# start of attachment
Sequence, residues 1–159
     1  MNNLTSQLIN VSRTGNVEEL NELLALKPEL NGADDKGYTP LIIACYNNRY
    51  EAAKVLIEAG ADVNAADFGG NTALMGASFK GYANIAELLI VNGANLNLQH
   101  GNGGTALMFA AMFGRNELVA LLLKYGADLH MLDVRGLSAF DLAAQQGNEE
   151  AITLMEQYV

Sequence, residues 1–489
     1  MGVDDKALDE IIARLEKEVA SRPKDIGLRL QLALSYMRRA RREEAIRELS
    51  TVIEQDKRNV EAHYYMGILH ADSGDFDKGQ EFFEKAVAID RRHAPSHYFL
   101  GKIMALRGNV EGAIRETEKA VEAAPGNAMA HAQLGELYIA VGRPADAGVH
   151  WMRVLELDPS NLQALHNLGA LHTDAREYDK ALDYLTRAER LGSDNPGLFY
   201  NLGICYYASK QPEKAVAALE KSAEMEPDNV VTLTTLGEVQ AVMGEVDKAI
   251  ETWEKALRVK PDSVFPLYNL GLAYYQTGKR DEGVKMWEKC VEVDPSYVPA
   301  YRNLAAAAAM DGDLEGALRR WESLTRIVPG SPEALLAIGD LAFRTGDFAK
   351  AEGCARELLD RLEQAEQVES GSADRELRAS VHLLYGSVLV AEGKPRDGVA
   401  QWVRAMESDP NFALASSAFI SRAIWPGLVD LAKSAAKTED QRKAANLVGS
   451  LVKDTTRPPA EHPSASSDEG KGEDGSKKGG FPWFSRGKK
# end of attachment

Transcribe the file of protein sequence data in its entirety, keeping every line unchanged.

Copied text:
Sequence, residues 1–159
     1  MNNLTSQLIN VSRTGNVEEL NELLALKPEL NGADDKGYTP LIIACYNNRY
    51  EAAKVLIEAG ADVNAADFGG NTALMGASFK GYANIAELLI VNGANLNLQH
   101  GNGGTALMFA AMFGRNELVA LLLKYGADLH MLDVRGLSAF DLAAQQGNEE
   151  AITLMEQYV

Sequence, residues 1–489
     1  MGVDDKALDE IIARLEKEVA SRPKDIGLRL QLALSYMRRA RREEAIRELS
    51  TVIEQDKRNV EAHYYMGILH ADSGDFDKGQ EFFEKAVAID RRHAPSHYFL
   101  GKIMALRGNV EGAIRETEKA VEAAPGNAMA HAQLGELYIA VGRPADAGVH
   151  WMRVLELDPS NLQALHNLGA LHTDAREYDK ALDYLTRAER LGSDNPGLFY
   201  NLGICYYASK QPEKAVAALE KSAEMEPDNV VTLTTLGEVQ AVMGEVDKAI
   251  ETWEKALRVK PDSVFPLYNL GLAYYQTGKR DEGVKMWEKC VEVDPSYVPA
   301  YRNLAAAAAM DGDLEGALRR WESLTRIVPG SPEALLAIGD LAFRTGDFAK
   351  AEGCARELLD RLEQAEQVES GSADRELRAS VHLLYGSVLV AEGKPRDGVA
   401  QWVRAMESDP NFALASSAFI SRAIWPGLVD LAKSAAKTED QRKAANLVGS
   451  LVKDTTRPPA EHPSASSDEG KGEDGSKKGG FPWFSRGKK